Medication-Assisted Treatment Provider Shortage Hitting Rural Areas Hardest

Providers might have an easier time than in years past when it comes to getting approval to offer medication-assisted treatment (MAT) to individuals dealing with opioid addiction. Nonetheless, geographical barriers remain a significant impediment to those services being dispensed on a wider scale, especially in rural communities.

These are the findings of a new report released by the U.S. Department of Health and Human Services’ (HHS) Office of Inspector General (OIG). It reveals that the nation’s rural areas have been particularly affected by a lack of adequate access to MAT.

An estimated 2.1 million Americans have been diagnosed with opioid use disorder (OUD), according to the Substance Abuse and Mental Health Services Administration (SAMHSA), a branch of HHS, which supplied data for the report.


Additionally, opioid overdose deaths have increased sixfold in America since 1999, according to OIG, with opioids making up a majority of the nation’s drug overdose fatalities in 2017, according to the Centers for Disease Control and Prevention.

In 2000, Congress passed the Drug Addiction Treatment Act, enabling physicians to obtain waivers to provide MAT to patients suffering from drug addiction, including OUD.

Although more legislative measures in the years since have expanded the availability of MAT services, only a relatively small percentage of the individuals who need MAT have gotten it.


“The growth of opioid misuse and abuse among Americans combined with inadequate access to quality, specialized substance abuse treatment continues to fuel the opioid crisis,” HHS said in the report.

Buprenorphine — sold under the brand name Subutex — is one of the more commonly used MAT drugs, as it helps diminish opioid withdrawal symptoms.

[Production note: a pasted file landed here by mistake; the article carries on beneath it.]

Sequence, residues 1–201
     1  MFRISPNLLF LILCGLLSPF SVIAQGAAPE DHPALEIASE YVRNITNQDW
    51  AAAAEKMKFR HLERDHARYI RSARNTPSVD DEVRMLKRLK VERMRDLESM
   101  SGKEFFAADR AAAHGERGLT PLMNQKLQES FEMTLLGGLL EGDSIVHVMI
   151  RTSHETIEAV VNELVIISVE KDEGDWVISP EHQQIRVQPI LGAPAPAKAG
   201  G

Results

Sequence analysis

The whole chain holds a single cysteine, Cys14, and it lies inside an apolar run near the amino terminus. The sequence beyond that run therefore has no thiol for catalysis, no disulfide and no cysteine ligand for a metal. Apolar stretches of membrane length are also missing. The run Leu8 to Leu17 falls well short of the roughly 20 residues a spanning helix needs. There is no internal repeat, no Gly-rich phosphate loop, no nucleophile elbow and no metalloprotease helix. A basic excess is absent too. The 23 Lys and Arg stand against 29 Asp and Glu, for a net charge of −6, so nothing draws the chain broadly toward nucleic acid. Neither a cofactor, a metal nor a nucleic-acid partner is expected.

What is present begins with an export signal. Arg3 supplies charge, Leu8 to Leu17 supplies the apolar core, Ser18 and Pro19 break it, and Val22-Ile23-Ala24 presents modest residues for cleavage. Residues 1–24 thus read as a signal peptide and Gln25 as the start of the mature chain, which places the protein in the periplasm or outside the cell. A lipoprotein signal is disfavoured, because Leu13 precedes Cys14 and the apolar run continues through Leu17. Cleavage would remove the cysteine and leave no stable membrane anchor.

For people in rural communities, however, buprenorphine can be hard to come by, according to the report.

The report indicates that 40% of all U.S. counties lacked a single provider authorized to dispense buprenorphine, and the vast majority of those counties — 72% — are located in rural areas. Meanwhile, only about 63% of all counties nationwide can be categorized as rural.

The report also noted that 56% of 1,110 counties where need for the drug was needed most had little to no transportation access to clinics or other health facilities where buprenorphine could be administered.

OIG advocated for more providers to deliver buprenorphine services in areas where need is the greatest. They specifically suggested that in rural areas, SAMHSA could work closely with states and grantees to help providers obtain buprenorphine waivers, as well as to help them develop effective telehealth services for patients lacking adequate transportation access in their communities.

SAMHSA concurred with HHS’ recommendations.

“OIG appreciates SAMHSA’s efforts to address this important issue, and urges SAMHSA to continue their work in this area to ensure access to MAT,” OIG stated in the report.